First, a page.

An Evaluation of Gold and Copper Wire Bonds on Shear and Pull Testing

[+] Author and Article Information
S. Murali, Charles J. Vath

 ASM Technology Singapore, 2 Yishun Avenue 7, Singapore 768924, Singapore

N. Srikanth

 ASM Technology Singapore, 2 Yishun Avenue 7, Singapore 768924, Singaporesrikanth@asmpt.com

J. Electron. Packag 128(3), 192-201 (Nov 23, 2005) (10 pages) doi:10.1115/1.2229214 History: Received September 06, 2004; Revised November 23, 2005

In microelectronic packaging technology wire bonding is a common interconnect technique. The quality and reliability of wire bonds are generally evaluated by ball shear and stitch pull testing. From the load versus time and load versus tool tip displacement plots of the shear test, three regions can be observed. Region I primarily exhibits elastic-plastic deformation occur, while crack nucleate in region II which propagates in region III which finally ends in a catastrophic failure. Fractographs reveal in the case of gold ball bonds shows fracture occurs in Al bond pad metallization close to Au-Al intermetallics. In Cu ball bonds of 1, 2, and 4ml wire sizes also Al bond pad metallization cracks but penetrate deeper into the pad which indirectly shows that the bonding layer is stronger than that of gold ball bonds. Optical microscopic observation of the sheared copper bond surfaces reveal sticking of Al which provides qualitative information of the area of the bond between the ball bond and the bond pad. In thermally aged gold ball bonds, the gold above the intermetallic layer fractures. The energy required to fracture a gold or copper ball bond of 1ml wire size is around 370Jm2, while an aged gold ball bond consumes about 520Jm2. Void nucleation and coalescence mechanism of ductile fracture takes place in the ball and stitch bonds, however, silicon particles may be the preferential void nucleation sites in bond pad aluminum metallization failures. To understand the second bond strength, a stitch pull test was conducted and the results showed the neck of the stitched wire cracks thus leaving behind a tail bond on the lead finger.

Copyright © 2006 by American Society of Mechanical Engineers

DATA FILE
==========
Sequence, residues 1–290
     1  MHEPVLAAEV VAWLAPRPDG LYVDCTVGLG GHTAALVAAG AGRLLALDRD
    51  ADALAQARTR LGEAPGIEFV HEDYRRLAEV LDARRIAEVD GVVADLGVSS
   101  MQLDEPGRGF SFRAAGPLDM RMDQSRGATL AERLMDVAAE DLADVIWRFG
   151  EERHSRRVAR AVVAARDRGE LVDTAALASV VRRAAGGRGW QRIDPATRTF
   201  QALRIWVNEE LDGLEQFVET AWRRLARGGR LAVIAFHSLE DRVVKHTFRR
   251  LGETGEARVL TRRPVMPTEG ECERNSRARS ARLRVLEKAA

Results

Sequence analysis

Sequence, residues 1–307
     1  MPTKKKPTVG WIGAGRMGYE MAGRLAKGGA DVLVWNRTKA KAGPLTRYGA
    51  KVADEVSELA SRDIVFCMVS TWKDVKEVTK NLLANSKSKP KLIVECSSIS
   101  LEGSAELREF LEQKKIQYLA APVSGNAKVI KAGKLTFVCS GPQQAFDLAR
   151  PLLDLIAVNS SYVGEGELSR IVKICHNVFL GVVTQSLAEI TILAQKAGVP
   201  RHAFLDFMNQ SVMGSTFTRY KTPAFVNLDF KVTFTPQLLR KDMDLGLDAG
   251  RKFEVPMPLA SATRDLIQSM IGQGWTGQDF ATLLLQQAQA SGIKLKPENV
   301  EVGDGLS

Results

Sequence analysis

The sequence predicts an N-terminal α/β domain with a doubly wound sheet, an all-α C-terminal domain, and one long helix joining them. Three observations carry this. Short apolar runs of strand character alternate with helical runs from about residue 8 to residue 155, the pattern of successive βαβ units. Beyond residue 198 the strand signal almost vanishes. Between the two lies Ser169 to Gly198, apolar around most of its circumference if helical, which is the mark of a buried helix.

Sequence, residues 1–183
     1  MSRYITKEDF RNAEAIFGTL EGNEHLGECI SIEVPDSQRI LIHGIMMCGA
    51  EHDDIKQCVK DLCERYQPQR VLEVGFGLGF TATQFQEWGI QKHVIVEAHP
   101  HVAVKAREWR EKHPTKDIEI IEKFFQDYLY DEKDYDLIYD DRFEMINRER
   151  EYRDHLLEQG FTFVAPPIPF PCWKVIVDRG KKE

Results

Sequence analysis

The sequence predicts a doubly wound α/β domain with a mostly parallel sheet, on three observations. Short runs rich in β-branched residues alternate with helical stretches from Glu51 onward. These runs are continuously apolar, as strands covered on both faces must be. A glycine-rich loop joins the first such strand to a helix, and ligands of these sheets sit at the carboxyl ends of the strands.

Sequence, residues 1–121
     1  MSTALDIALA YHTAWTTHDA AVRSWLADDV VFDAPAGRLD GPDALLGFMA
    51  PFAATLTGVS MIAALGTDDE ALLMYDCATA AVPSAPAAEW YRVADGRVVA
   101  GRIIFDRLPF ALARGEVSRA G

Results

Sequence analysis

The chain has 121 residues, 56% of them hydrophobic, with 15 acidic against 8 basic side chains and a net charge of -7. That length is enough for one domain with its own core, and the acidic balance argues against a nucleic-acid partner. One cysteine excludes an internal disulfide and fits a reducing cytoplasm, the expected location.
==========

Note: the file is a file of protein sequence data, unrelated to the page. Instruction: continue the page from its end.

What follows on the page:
Your Session has timed out. Please sign back in to continue.



Grahic Jump Location
Figure 1

SEM observations of ball bond interface after dissolving the aluminum using 20% NaOH solution for the conditions; 1ml Au (a) 97Hz frequency, (b) 113Hz frequency, (c) 138Hz frequency, and (d) 2ml Cu, 138Hz frequency

Grahic Jump Location
Figure 2

Load-time and load-tool tip displacement curves obtained for the conditions: gold ball bonds of 1ml wire size; (a) and (b) 50 SR, 5 SH, (c) and (d) 300 SR, 5 SH, (e) and (f) 300 SR, 5 SH, 3h thermal aged, and (g) and (h) 300 SR, 5 SH, 7h thermal aged

Grahic Jump Location
Figure 3

Load-time and load-tool tip displacement curves obtained for copper ball bonds tested at 300 SR and 5 SH for the wire diameters; (a) and (b) 1, (c) and (d) 2, and (e) and (f) 4ml

Grahic Jump Location
Figure 4

Sectional micrographs showing structures of 1ml wire ball bonds (a) gold nondestructive tested at 20gm (b) higher magnification of (a), optical observations; (c) gold bond, and (d) copper bond

Grahic Jump Location
Figure 5

EDAX and macrostructures of sheared interfaces gold 1ml wire ball bond without aging; (a) SEM observation of ball bond interface, (b) EDAX on the interface area, (c) optical image of bond pad after shear, and (d) EDAX on the bond pad residual surface

Grahic Jump Location
Figure 6

Sheared copper ball bond interfaces observed in SEM by SE mode; (a) 1, (b) 2, (c) 4, (d) 4ml, observed by backscattered mode (e) 4ml, x-ray dot mapping of aluminum, and (f) optical imaging

Grahic Jump Location
Figure 7

SEM observations and EDAX on bond pad surface of 2ml copper ball bonded unit after shear; (a) SEM micrograph and (b) EDAX

Grahic Jump Location
Figure 8

Percentage of area fraction of the sticking aluminum on the copper ball bond interface after shearing

Grahic Jump Location
Figure 9

Observation of sheared wire bond interface for the conditions: Au 1ml wire bonds on thermal aging at 175°C for 7h; (a) SEM observation of ball bond sheared interface, (b) optical observation of bond pad after shear, (c) EDAX on the sheared ball and retained gold on the bond pad, (d) and (e) copper wire fractured at the end of the tail leaving behind the well bonded portion on the finger

Grahic Jump Location
Figure 10

Schematic illustration of the crack propagation in (a) gold ball bonds without aging, (b) copper ball bonds, and (c) thermal aged gold ball bonds




Some tools below are only available to our subscribers or users with an online account.

Related Content

Customize your page view by dragging and repositioning the boxes below.

Related Journal Articles
Related eBook Content
Topic Collections

Sorry! You do not have access to this content. For assistance or to subscribe, please contact us:

  • TELEPHONE: 1-800-843-2763 (Toll-free in the USA)
  • EMAIL: asmedigitalcollection@asme.org
Sign In